‘one way to think of a haiku is a kind of word picture dotted with images on its canvas. Such thinking led to the inclusion of illustrations and calligraphy to accompany certain poems’
Yuzuru, M (1991) Classic Haiku-a master’s selection. Charles E.Tuttle Company Inc. Tokyo.
‘In everybody’s experience, there are days when one’s personal opacity (the coagulation of the self, the density of being) lights up. Like the sky after a storm. One finds one’s self in an imense silence, in an extremely pleasant emptiness. At moments such as these, says an old Japanese poet, ‘everything is haiku’. You look at a pebble, the branch of a tree, a gesture in the street, and you have the impression that the entire world, the whole of life is being revealed to you. The difficult thing is not to overdo it – wax over-poetic, for example. That moment, arisen from emptiness, must be allowed to return to emptiness, without too much interference on your part.
That is the haiku way.’
White, K in Finlay, A (2000) Atoms of Delight. Morning Star Publications, Edinburgh.
‘Thus Haiku has something in common with painting, in the representation of the object alone, without comment, never presented to be other than what is, but not represented completely as its. For if the haiku poet moves us by presenting rather than describing objects, he does so by presenting the particulars in which the emotional powers of the things or scenes reside……..He does not give us meaning; he gives us the concrete objects which have meaning,because he has so experienced them.’
Yasuda, K (1957) the Japanese Haiku – Its essential Nature, History, and Possibilities in English. Charles E. Tuttle Company Inc. Tokyo.
The three quotes above demonstrate something of the ‘haiku attitude’ that is needed to perfect this short form poetry. All writers on haiku link it to the visual image. Primarily in 3 line haiku poetry the word should summon the image, usably through the simplest, uncluttered descriptive means. Haiku has often been illustrated in its original Japanese forms where ideas about how the lines are laid out sometimes have different design formats that could be used to emphasise meaning – almost like a concrete poetry. Haiku was important to the Imagist Poets, notably Ezra Pound, Williams Carlos Williams and the later Black Mountain poets who shook off the stylistic elements from Victorian and Edwardian poetry to create a paired down early modernist descriptive poetry.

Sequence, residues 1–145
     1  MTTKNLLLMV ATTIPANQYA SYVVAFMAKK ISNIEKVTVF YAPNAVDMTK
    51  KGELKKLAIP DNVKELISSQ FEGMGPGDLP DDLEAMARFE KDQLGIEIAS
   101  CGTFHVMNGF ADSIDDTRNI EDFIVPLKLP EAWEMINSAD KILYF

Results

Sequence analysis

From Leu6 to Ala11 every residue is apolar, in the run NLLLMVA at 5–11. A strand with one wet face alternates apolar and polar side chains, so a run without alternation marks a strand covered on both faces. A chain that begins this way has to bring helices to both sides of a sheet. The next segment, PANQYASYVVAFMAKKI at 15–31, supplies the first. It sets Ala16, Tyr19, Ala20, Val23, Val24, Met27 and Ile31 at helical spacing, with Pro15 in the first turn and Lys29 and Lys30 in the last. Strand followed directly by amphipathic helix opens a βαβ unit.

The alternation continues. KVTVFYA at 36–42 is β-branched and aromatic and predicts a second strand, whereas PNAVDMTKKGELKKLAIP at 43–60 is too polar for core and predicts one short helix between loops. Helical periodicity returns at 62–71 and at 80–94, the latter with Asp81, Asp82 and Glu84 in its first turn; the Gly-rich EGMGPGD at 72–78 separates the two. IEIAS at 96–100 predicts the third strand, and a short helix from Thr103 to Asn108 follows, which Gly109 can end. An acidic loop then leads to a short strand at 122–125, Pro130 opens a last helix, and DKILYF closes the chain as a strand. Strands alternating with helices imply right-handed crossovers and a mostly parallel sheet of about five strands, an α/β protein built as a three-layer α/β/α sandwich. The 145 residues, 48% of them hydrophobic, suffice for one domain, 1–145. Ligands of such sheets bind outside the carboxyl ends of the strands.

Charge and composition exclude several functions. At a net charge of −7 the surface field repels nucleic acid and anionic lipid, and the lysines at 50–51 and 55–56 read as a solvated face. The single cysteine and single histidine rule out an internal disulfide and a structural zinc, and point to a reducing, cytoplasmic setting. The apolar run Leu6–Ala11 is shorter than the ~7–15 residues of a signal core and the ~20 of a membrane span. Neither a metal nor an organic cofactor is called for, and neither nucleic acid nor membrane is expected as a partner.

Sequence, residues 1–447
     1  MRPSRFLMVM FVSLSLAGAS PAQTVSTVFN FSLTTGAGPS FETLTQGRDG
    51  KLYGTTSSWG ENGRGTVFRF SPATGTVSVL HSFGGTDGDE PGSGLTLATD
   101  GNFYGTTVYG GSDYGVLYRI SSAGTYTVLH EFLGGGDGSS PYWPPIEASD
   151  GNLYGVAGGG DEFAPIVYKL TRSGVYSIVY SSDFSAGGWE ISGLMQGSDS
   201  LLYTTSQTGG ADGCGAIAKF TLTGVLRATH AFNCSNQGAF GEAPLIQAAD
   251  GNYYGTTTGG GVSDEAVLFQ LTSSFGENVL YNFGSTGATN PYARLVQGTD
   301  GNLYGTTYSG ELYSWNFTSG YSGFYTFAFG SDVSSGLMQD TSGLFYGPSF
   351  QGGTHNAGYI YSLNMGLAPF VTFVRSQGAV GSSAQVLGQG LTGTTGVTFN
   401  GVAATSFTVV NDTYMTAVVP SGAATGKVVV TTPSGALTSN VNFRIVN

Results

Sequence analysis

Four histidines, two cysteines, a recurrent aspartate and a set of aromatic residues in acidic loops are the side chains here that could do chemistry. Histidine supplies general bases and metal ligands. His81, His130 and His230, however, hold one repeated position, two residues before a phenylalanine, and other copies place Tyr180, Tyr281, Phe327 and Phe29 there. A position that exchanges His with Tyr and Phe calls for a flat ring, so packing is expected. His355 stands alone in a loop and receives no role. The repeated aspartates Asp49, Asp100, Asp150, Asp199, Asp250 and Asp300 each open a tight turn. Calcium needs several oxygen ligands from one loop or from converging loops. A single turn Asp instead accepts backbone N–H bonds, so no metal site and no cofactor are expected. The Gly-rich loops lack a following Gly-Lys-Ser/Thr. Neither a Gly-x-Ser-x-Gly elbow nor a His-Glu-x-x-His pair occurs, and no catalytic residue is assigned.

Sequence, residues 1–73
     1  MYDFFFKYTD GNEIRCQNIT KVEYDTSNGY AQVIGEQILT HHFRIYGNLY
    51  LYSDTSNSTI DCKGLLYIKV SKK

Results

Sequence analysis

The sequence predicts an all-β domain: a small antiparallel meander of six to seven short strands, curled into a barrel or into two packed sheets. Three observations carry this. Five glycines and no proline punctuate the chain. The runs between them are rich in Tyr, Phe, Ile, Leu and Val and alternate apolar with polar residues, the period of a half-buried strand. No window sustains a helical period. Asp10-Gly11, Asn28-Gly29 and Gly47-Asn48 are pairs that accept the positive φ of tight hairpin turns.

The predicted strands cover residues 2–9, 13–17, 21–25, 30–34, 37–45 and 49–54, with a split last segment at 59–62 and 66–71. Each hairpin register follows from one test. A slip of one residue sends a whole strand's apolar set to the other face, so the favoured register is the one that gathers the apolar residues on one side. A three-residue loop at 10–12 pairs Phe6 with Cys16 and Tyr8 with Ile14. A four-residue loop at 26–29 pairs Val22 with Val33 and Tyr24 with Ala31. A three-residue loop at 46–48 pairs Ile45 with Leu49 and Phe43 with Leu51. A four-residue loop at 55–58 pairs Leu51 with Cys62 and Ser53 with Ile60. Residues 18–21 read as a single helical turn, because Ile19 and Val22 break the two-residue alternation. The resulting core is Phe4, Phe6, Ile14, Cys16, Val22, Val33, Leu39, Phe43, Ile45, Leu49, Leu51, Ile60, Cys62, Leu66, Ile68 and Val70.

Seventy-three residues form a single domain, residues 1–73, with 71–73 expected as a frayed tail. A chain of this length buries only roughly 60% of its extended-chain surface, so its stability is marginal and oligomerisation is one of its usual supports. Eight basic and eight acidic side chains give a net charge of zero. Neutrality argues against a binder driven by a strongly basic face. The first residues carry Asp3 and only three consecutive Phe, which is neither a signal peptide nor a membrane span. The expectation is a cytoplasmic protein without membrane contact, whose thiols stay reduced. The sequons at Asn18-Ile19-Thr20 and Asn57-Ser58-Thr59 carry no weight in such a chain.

In continuing to use this form in conjunction with my own photography for the 36 views project there will be some contradictions. Why use a poetry form that is designed to create very particular images for a viewer in words, while simultaneously providing the image?
Being over poetic, portentous, wordy, excessively obscure – all risk losing the attention and interest of the viewer.
So far I have used metaphor and simile to provoke a particular set of reactions ‘because I have so experienced them’, this is perhaps beyond the haiku’s simplicity.
Additionally I have been using the standard Japanese- English 5 – 7 – 5 syllable structure. Many critics point out that the English syllable is profoundly different to the Japanese in its role in the language and in the ability of the English Syllable to convey more information than the Japanese, meaning that a shorter English syllable structure is perhaps more equivalent and likely to encourage brevity and simplicity. 4-6-4 might be a better way of working, not least because of the twin syllable pairs which play a central part in English language poetry.
Further experiments of even shorter forms, two line, single line poetry, monostichs, epigrams, proverbs, single words (as included by Alec Finlay in Atoms of Delight his collection of Scottish short poems)…..and onwards into the new forms of short or micro-poetry on twitter or email …….a ‘haiku plus attitude’ would allow more freedom, this is needed for poetic form and image to work together, this might avoid a repetitive rigidity that would only emphaise the obsessive nature of working on one theme in such detail.